Business experience can help, hurt candidates

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Based on various polls, it’s clear that solid majorities of voters are worried about federal government spending, debt and taxes, and related to all of that, where the economy is headed.

As a result, incumbents feel uneasy heading into the November elections, especially with the Tea Party movement generating political uncertainty.

However, one of the most interesting developments in the 2010 election cycle thus far has been the number of high-profile candidates with extensive business experience. This raises an always-interesting question: Can government be run like a business?

California has garnered the most attention with two women who were high-tech CEOs. Carly Fiorina, the former head of Hewlett-Packard, is the Republican challenger taking on U.S. Senator Barbara Boxer, a Democrat. And bidding to succeed outgoing Republican Gov. Arnold Schwarzenegger, former eBay CEO Meg Whitman, the Republican, is running against Democrat Jerry Brown, the current state attorney general and a former governor.

In Connecticut, Republicans have another businesswoman seeking a statewide office. Linda McMahon stepped down as CEO of Worldwide Wrestling Entertainment last year in order to run for the U.S. Senate. Pro wrestling, politics, what’s the difference?

And another high-tech CEO is in the Republican primary mix to become the next governor of Michigan, which in recent years has had the worst economic performance among the states. Rick Snyder is the former head of Gateway computers, and is billing himself during this campaign as “one tough nerd.”

Others coming from primarily business backgrounds in this year’s political mix include Dan Maes competing in the Colorado Republican gubernatorial primary; and Democrat Alex Sink looking to become Florida governor.

Given the huge messes created by the current political class, it’s not all that surprising that can-do business people believe they clean things up, and get government and the economy back on the right track. And perhaps the voters in November will see things that way as well.

But many candidates from the business world seem to think they can run government like a business. Indeed, for them, that’s the key to straightening out government — just run it like a business.

This isn’t a new idea. We’ve heard it plenty of times before, from local races for mayor to when businessman Ross Perot ran for president in 1992.

The problem is that government and private business are very different animals. Most important, they operate under a clashing set of incentives.

Businesses, for example, have owners with obvious direct interests in the success of the enterprises. But government has no owners. Oh sure, people like to say that we’re all the owners, or taxpayers are the owners when it comes to government. When everyone is an owner, though, in reality, no one is the owner.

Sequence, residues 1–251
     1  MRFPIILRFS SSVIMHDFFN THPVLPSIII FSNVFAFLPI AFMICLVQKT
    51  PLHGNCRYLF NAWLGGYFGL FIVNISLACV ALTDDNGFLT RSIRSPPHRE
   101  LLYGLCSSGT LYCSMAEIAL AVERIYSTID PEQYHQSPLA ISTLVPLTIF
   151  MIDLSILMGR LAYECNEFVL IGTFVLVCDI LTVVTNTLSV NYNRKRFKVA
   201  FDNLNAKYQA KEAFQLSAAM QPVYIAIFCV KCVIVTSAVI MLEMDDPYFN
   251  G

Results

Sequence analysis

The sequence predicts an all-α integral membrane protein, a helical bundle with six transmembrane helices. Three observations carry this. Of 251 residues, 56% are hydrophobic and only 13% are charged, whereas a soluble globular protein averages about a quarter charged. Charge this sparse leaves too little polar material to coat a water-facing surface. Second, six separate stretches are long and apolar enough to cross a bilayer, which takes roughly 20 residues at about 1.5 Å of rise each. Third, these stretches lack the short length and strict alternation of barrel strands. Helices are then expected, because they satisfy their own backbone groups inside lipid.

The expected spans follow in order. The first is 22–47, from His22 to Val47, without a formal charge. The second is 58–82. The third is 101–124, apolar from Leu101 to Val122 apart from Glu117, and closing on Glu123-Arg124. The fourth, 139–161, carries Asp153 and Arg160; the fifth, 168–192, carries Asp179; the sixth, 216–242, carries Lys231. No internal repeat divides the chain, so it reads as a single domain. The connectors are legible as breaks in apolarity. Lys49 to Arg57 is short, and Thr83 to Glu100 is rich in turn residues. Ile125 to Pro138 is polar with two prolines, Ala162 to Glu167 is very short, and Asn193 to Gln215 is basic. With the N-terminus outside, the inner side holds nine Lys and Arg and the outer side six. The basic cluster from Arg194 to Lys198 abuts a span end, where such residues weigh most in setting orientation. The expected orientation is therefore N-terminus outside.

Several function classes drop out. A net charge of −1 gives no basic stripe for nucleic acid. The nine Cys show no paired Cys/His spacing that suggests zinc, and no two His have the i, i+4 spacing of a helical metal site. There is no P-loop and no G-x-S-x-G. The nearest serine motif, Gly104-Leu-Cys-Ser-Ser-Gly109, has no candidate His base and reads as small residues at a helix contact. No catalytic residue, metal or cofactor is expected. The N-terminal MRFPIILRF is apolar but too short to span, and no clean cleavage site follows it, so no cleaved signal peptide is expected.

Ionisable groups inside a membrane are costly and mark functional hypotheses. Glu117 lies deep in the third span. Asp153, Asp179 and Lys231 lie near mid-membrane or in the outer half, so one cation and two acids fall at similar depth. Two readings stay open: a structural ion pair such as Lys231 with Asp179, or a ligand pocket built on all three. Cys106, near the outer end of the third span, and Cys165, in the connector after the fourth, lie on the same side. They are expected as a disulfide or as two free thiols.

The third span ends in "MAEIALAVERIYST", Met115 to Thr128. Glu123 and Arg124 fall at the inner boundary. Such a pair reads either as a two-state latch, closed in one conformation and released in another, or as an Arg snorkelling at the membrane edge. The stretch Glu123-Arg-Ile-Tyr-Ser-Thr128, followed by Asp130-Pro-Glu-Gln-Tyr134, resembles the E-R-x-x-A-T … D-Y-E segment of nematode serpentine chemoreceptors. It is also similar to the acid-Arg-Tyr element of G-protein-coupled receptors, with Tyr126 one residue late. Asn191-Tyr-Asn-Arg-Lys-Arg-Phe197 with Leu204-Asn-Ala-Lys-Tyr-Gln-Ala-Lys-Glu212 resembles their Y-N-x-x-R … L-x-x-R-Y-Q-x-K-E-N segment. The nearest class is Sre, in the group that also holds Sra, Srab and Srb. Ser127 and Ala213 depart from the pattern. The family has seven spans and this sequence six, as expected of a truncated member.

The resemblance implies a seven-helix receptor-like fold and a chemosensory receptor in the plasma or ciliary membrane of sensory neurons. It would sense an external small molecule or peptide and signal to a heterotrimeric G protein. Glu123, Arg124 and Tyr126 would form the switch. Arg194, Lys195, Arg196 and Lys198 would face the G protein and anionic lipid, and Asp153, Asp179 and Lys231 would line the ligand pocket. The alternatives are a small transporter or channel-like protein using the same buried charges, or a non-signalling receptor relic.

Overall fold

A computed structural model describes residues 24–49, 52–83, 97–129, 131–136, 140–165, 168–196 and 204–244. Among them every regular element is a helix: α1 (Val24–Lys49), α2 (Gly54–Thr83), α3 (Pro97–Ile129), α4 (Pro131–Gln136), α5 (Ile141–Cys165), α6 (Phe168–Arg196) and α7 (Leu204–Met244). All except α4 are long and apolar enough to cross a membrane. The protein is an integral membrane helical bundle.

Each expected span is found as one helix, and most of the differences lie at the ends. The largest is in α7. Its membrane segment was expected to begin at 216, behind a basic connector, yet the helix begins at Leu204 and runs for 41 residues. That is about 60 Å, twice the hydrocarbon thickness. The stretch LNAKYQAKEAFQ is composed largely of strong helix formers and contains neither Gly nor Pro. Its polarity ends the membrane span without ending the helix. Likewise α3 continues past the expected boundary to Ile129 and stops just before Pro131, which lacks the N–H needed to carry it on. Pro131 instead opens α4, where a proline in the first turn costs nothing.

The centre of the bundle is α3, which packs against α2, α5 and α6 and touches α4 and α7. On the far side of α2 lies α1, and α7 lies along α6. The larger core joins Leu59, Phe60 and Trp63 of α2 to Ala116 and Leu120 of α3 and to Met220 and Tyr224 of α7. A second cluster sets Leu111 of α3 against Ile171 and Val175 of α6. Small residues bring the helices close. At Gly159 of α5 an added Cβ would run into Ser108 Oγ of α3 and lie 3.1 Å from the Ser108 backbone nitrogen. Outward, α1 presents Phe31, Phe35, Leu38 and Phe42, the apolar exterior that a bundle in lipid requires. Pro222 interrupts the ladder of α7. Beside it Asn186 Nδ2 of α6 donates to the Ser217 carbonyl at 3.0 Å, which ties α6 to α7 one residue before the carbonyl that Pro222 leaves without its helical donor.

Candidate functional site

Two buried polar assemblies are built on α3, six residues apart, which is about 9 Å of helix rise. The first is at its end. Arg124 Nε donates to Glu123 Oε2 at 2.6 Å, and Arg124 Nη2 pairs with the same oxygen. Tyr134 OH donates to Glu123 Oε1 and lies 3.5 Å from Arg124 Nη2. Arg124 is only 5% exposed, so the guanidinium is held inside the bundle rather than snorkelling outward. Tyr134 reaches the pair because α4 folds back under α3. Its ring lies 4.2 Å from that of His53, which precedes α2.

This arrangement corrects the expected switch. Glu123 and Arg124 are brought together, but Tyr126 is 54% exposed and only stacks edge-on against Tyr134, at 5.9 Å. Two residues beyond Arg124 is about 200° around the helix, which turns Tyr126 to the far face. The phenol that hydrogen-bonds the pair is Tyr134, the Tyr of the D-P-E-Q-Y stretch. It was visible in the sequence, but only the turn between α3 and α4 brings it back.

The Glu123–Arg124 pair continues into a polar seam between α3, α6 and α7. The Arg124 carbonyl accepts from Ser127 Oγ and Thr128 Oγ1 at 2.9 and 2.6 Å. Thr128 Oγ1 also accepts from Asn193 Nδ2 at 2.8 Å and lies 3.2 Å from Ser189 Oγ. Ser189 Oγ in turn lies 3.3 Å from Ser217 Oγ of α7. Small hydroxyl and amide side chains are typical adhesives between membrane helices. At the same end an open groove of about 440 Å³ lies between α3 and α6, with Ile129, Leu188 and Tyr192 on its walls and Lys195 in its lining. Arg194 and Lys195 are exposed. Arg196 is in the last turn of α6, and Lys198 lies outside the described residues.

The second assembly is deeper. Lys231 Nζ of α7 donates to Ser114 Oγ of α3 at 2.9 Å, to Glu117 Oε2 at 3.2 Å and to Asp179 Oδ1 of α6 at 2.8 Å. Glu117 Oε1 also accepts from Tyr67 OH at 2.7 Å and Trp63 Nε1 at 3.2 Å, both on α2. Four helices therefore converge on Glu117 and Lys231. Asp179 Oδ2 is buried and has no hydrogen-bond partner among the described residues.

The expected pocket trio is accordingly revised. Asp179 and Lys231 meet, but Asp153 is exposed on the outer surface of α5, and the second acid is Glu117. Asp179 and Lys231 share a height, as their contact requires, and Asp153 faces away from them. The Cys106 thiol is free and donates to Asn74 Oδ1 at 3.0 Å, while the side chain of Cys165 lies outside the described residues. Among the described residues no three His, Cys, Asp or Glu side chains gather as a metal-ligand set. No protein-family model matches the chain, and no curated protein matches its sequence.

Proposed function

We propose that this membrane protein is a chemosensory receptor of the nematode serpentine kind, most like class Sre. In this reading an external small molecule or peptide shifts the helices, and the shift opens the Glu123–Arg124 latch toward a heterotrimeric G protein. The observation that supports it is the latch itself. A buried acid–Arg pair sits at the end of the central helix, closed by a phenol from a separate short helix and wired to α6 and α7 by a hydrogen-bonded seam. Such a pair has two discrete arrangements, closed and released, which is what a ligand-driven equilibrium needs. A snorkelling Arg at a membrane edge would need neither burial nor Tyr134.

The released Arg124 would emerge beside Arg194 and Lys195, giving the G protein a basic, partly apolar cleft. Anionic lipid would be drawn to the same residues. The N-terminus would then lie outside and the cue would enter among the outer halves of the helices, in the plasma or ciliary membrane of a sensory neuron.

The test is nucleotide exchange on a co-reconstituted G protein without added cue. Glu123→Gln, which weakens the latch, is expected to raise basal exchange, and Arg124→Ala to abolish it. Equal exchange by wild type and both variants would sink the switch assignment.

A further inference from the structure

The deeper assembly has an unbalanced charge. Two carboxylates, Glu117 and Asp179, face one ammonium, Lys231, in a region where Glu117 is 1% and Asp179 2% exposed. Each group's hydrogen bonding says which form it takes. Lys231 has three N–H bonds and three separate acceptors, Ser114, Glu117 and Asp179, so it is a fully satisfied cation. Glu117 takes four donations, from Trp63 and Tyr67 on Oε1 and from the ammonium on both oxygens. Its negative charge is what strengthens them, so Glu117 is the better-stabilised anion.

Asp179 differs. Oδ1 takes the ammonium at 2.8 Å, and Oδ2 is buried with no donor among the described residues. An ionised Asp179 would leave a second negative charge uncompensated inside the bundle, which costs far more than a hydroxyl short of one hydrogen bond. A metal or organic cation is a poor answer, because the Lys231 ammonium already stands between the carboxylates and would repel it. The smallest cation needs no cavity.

That lack of ownership in government feeds the fundamental problem generating tremendous waste in government: politicians spend other people’s money. Individuals spend their own money far more wisely compared to politicians who grab trillions of dollars to dole out pretty much as they please.

Of course, the success of business is measured by profits, while losses mean that a business must improve or close up shop. In other words, success is rewarded, and failure is punished. The story is quite different in government. When a government program or undertaking is deemed a failure, more often than not, that failure is rewarded with more money and staff. How many times, for example, have more subsidies been handed over for non-economic renewable energy escapades?

For good measure, performance and productivity play key roles in determining the compensation of employees in private business. In contrast, government workers tend to get compensated based on political connections or according to civil service rules — which too often have very little relationship to adding value to the economy.

If candidates from the business world understand these significant differences between free enterprise and government, then they can make a real, positive difference, especially when combined with firsthand knowledge of how costly bad public policy can be for the entrepreneurs, businesses and investors that drive innovation and invention, generate economic growth and produce new jobs.

But if business candidates believe that government can work just like a business, they will turn out to be just as guilty as lifetime politicians in getting public policies wrong. They’ll set up programs that, even if run well initially, eventually will succumb to government’s prevailing perverse incentives.

In the end, businesses, their employees and the economy will benefit from a policy agenda featuring low taxes, a light regulatory touch and government spending restraint, whether offered by elected officials with business experience or not.

Keating is chief economist for the Small Business and Entrepreneurship Council. He can be reached at rkeating@sbecouncil.org.